Ithaca, N.Y. — The Ithaca Farmers Market has had a bountiful year.

Courtesy of the market’s Facebook page.

Here are 6 things we learned about the market in 2014 in an interview on Monday with market Manager Aaron Munzer:

1 — New attendance record

The market set a new record this July when 1,614 vehicles passed through in four hours one Saturday.

“That was definitely a record,” Munzer said.

Most weekends see somewhere in the neighborhood of 1,300 vehicles in four hours, Munzer said.

Munzer added he didn’t have precise numbers from previous years to compare with this year’s figures.

However, he said the increase in traffic was clear and substantial.

“Long-term, we’ve seen a lot of growth since the recession,” Munzer said, adding that the parking totals don’t account for those who bike to the market or those who park nearby and walk.

2 — Higher demand: More parking attendants

Up until this year, the market hired two parking attendants.

But city officials grew concerned that they wouldn’t be able to accommodate the demand, and so the staff that manages the market added four more parking attendants, bringing the total number to six.

3 — Winter market grows

One of the unexpected sources of growth has been that of the winter sales season, according to Munzer.

“Our shoulder-season markets are growing, too,” Munzer said.

Munzer said that the market has a sheltered pavilion and that GreenStar has allowed the market to operate out of that grocery store’s events hall, The Space.

He added that vendors have responded to the new demand by putting up more high tunnels and root cellars, “so you’ll see fresh greens pretty much the whole winter.” There are now around 500 weekly winter customers for the market, Munzer said.

The winter market had more interest from vendors than space for them in 2014, Munzer said. (Winter hours are Jan. 10 through March 28 on Saturdays, 11 a.m. to 2 p.m.)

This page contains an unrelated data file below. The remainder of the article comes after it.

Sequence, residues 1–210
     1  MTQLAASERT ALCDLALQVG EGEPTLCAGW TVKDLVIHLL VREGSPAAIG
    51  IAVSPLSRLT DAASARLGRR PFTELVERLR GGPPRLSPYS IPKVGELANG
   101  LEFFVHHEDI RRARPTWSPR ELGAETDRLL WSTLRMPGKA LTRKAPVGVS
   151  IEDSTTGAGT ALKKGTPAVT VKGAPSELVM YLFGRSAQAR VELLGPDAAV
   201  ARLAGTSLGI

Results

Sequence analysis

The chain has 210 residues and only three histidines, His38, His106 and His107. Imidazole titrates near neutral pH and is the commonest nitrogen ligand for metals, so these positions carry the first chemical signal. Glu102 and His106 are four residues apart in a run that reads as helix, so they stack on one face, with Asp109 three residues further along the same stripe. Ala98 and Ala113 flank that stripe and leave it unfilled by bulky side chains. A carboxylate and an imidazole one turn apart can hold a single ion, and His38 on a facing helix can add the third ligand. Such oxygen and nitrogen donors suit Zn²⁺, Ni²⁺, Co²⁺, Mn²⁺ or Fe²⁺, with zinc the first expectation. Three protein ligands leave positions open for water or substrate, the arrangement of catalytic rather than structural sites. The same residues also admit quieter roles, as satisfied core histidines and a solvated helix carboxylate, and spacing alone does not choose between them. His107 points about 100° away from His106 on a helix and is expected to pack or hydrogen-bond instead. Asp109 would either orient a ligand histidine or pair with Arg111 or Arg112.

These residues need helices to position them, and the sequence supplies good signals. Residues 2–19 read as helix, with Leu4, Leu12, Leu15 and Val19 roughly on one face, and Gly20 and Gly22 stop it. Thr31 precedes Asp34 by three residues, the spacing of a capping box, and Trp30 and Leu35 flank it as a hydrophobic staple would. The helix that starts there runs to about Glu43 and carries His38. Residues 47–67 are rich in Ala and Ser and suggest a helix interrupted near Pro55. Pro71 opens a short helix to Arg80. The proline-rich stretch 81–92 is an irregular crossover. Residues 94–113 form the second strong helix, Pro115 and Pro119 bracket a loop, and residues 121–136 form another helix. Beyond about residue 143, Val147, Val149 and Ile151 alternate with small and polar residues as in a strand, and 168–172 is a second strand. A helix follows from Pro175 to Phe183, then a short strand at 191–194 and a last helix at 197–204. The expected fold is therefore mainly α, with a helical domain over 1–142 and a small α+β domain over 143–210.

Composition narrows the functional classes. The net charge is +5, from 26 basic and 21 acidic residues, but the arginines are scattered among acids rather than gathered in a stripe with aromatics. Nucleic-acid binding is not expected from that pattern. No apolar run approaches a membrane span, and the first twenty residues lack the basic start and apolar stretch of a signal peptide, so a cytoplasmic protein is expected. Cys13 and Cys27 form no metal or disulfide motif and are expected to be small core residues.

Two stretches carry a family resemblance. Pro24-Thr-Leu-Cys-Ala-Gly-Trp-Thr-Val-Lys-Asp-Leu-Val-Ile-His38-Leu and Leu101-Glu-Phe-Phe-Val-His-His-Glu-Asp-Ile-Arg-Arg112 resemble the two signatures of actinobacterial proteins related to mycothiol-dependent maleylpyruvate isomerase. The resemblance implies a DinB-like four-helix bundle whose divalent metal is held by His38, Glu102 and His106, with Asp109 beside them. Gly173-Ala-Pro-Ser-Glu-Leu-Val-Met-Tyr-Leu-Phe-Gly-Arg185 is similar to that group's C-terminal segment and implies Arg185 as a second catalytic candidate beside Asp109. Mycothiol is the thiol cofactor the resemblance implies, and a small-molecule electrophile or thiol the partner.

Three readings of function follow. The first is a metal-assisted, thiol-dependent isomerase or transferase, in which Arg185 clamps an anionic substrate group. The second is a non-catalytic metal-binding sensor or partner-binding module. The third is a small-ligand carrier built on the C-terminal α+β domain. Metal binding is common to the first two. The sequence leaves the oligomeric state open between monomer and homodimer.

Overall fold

4 — The International Rutabaga Curling World Championship

The Ithaca Farmers Market will be soon holding its 17th annual International Rutabaga Curling World Championship, in which contestants hurl the root vegetable.

“Yes, we hurl cruciferous vegetables,” Munzer said. “It gets crazy.”

The idea began, Munzer said, on the last day of the market 17 years ago because attendance was so low.

Now, the International Rutabaga Curling World Championship is a well-attended event drawing more than 500 people annually. Two years ago, a film crew from Japan captured the event.

“It’s cool — it’s gone from being absolutely no customers in the pavilion to literally having people from Tokyo come,” Munzer said. “We expect it to be just as crazy this year.”

5 — Growth despite other festivals

Munzer said that the market used to see a decrease in attendance when Ithaca’s other festivals were held.

This is no longer the case.

“For Ithaca Festival, it was barren,” Munzer said, “But now Ithaca Festival, GrassRoots, Apple Festival all mean that we see just as many attendees or more … we’re a constant alternative to whatever else is going on.”

6 — Beneficiary of Commons construction?

Merchants have lamented the pace of construction on the Commons, saying that it’s hurting pedestrian traffic downtown.

Munzer said he believes some of those who are not going to the Commons are coming to the farmers market.

“I think some of the traffic that the Commons normally absorbs has been absorbed by the market: that’s pretty clear to us,” Munzer said.

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Jeff Stein

Jeff Stein is the founder and former editor of the Ithaca Voice.